For sure you will hear from most of the hospitals the moans and groans of those ill from dissipation and debauchery resulting from the uncontrollable appetites of youth.
Also you will hear from the prisons the regretful sighs of unhappy wretches, suffering for illicit actions mostly resulting from the excesses of their youth.
Indeed, most of the torments of the grave — that intermediate realm whose doors continuously open and shut for those who enter it — are the result of misspent youth. You can know the truth of the matter from the Qur’an and the hadiths, as well as the righteous scholars.
Ask the old and the sick about this matter, and the great majority of them will answer you with grief and regret, “Alas! We wasted our youth in frivolities, indeed harmfully. Be careful, never do as we did!”
A man with no faith or wisdom may subject himself — for the sake of the illicit pleasures of a short period of youth — to years of grief and sorrow in this world, torment and harm in the intermediate realm, and the severe punishment of Hell in the hereafter. Despite being in a most pitiable situation, he does not deserve any pity. That is because one who freely consents to indulging in harmful and unlawful actions is not worthy of pity.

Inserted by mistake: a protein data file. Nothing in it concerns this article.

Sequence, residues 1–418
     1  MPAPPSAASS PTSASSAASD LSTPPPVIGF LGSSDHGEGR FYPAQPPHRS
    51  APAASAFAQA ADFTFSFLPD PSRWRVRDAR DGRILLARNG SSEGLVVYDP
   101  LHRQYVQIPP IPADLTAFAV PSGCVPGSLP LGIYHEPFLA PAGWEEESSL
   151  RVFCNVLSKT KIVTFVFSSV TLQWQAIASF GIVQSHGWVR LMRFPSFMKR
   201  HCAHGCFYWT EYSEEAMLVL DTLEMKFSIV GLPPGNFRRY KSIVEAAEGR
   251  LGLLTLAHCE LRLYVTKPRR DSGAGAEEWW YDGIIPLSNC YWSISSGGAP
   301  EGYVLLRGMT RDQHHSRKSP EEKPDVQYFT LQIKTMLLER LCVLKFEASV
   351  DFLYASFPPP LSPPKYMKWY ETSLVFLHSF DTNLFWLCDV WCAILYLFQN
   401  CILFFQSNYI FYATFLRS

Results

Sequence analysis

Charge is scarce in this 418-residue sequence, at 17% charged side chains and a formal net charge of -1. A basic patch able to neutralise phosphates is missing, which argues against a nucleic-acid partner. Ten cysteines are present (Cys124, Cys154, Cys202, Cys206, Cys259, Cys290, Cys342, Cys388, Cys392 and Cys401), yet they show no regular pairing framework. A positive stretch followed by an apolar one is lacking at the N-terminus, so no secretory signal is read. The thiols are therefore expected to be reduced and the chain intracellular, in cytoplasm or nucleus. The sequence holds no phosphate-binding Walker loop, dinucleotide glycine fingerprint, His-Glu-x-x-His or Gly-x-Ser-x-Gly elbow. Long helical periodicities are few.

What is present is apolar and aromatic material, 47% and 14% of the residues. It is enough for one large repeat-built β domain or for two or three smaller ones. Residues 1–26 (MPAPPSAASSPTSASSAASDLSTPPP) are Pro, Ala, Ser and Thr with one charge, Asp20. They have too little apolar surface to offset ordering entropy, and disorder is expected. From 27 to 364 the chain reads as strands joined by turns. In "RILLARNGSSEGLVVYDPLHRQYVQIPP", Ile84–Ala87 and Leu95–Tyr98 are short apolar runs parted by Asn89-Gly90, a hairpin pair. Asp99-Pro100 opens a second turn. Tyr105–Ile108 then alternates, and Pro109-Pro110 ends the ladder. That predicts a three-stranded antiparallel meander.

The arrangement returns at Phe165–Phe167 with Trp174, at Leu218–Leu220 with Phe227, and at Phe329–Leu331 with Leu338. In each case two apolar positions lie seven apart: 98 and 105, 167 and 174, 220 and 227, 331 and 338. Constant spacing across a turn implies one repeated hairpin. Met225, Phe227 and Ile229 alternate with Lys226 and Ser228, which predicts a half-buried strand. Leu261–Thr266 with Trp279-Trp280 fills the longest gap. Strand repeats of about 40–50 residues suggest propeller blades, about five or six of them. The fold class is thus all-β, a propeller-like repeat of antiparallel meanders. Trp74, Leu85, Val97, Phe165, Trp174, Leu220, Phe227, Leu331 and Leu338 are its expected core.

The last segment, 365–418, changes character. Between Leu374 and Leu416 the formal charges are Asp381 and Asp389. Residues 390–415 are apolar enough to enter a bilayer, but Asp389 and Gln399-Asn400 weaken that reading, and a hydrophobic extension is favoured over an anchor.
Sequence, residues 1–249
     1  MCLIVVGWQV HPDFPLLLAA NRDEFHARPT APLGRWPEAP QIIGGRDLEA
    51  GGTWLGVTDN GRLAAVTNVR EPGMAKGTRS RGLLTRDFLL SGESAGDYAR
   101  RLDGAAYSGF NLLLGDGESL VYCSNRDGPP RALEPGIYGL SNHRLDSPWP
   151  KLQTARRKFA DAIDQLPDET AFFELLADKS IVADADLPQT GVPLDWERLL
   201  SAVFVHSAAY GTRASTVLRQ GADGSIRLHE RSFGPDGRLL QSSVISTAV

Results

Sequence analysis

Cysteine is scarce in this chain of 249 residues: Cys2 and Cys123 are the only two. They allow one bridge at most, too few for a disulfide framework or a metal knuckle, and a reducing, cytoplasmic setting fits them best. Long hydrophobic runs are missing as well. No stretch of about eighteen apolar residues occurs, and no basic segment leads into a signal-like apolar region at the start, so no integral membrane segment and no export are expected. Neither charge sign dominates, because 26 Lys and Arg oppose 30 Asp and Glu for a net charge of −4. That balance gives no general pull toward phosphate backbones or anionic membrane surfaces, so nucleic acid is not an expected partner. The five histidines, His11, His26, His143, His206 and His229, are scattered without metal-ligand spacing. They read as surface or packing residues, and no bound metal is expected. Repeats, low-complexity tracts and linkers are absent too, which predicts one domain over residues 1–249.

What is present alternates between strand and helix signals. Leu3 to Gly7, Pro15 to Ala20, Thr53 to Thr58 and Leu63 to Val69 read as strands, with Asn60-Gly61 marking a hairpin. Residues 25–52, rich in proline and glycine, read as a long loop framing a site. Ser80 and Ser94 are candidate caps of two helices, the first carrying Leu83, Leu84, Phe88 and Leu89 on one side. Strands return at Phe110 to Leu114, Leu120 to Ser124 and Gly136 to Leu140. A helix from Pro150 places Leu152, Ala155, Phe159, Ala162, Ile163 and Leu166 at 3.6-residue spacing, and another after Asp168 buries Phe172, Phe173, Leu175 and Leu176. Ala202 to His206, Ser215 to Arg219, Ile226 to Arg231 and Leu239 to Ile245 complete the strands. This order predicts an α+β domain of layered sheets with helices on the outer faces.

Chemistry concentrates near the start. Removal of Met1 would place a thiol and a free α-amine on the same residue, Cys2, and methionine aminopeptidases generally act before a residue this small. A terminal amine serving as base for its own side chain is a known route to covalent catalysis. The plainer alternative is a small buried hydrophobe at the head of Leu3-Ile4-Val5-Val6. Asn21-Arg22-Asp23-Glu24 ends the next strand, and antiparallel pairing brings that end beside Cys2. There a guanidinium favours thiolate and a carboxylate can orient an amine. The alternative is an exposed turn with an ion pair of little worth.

May Almighty Allah save us and you from the alluring temptations of this age and preserve us against them. Amen.
Taken with slight editorial modifications from thewaytotruth.org website.
Bediuzzaman Sa`id Nursi was born in 1878. He is commonly known as Bediüzzaman, which means “the wonder of the age”. He was born in Nurs, a village in the Ottoman Bitlis Province in eastern Anatolia, Turkey.